A major refit of Leicester Cathedral to host the bones of Richard III has been given the go-ahead.
Delayed since September, plans to move the altar, wooden screens and fit new stained glass have now been backed by the Church of England's planning panel.
But details of a redesigned tomb for the king, a major source of argument, are being kept secret while a legal case about his reinterment is ongoing.
Along with a new garden area outside, the work is expected to cost £1.3m.
Formally asked to prepare for Richard III's remains as soon as their identity was confirmed, the cathedral has since faced a series of hurdles.
Initial moves to use a flat slab were abandoned in the face of public feedback.
Designs of a raised tomb with a deeply carved cross prompted one group of enthusiasts to withdraw funding from the project.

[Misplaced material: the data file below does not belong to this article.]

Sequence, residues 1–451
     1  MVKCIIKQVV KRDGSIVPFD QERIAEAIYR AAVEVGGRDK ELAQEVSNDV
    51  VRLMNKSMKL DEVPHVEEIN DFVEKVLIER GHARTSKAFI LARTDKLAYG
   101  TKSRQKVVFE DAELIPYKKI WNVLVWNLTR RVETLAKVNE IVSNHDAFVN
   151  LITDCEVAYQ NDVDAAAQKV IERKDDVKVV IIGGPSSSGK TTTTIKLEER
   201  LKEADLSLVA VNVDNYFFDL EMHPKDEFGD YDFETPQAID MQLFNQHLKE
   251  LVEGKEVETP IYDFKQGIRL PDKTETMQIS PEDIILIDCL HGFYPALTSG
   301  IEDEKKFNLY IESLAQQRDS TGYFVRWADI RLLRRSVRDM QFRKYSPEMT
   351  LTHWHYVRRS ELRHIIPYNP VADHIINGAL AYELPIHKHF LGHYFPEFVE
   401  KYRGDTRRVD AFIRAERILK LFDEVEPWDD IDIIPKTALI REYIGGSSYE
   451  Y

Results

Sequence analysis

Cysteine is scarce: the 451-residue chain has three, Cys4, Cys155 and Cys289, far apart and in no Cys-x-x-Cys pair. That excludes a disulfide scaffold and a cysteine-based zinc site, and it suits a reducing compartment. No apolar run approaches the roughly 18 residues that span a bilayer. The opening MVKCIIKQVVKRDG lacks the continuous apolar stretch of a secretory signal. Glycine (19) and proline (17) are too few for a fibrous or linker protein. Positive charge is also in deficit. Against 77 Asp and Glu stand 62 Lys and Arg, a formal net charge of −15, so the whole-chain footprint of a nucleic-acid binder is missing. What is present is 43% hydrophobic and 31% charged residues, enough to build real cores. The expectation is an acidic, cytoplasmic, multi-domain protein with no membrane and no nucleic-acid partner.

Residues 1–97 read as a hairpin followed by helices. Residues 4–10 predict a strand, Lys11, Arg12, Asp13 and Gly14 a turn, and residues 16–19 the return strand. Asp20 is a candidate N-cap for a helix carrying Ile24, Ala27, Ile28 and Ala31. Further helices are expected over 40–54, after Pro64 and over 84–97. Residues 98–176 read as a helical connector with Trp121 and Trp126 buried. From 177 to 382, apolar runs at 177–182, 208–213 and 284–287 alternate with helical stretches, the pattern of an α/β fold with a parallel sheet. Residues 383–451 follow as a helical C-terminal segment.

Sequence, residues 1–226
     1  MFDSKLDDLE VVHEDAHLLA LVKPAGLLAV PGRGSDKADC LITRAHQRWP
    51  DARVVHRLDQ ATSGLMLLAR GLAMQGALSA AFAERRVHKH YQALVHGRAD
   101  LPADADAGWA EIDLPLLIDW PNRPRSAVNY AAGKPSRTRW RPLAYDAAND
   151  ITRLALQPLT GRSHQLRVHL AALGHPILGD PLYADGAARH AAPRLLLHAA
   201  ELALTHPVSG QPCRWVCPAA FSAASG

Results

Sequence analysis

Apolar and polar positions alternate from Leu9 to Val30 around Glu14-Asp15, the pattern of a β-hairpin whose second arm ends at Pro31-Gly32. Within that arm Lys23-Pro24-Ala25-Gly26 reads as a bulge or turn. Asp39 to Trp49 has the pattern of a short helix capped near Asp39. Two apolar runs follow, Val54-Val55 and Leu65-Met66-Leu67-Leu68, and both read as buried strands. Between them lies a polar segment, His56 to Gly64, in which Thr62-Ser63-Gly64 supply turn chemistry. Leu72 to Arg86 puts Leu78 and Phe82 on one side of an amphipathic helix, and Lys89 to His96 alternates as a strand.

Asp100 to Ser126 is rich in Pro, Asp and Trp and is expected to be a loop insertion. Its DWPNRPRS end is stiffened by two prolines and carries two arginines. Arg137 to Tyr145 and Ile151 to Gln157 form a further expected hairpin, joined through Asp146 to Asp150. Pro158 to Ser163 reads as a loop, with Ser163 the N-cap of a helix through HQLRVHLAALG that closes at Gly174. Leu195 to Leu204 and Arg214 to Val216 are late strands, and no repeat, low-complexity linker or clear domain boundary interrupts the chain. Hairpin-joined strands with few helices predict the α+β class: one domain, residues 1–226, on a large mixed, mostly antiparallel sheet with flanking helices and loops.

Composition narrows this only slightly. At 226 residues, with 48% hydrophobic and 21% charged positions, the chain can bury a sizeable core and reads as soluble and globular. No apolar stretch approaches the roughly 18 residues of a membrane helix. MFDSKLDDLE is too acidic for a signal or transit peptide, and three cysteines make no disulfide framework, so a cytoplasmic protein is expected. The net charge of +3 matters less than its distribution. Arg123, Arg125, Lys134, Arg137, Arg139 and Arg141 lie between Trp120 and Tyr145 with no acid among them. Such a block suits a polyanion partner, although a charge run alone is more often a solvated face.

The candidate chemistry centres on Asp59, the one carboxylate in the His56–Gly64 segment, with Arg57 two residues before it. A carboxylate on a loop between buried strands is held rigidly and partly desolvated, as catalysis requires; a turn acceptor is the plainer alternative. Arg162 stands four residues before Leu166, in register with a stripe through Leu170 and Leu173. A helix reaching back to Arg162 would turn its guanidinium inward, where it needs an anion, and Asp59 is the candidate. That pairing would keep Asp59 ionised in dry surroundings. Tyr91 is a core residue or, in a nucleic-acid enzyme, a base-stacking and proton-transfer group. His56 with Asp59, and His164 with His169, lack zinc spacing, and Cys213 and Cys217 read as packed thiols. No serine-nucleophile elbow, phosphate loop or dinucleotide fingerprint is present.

In September, Cathedral Fabric Commission for England suggested a number of changes to the scheme before it gave approval.
In a statement, Leicester Cathedral's Dean, the Very Rev David Monteith, said. "I am so delighted that our respectful yet imaginative proposals have been accepted.
"These permissions open up the way for major changes in the cathedral, which will help us become more effective in our witness and service.
"Our consultants and staff have worked very hard to develop the architectural vision for a great cathedral at the heart of a great city and county."
Three judges are currently considering a judicial review of the licence to reinter Richard's skeleton in the cathedral.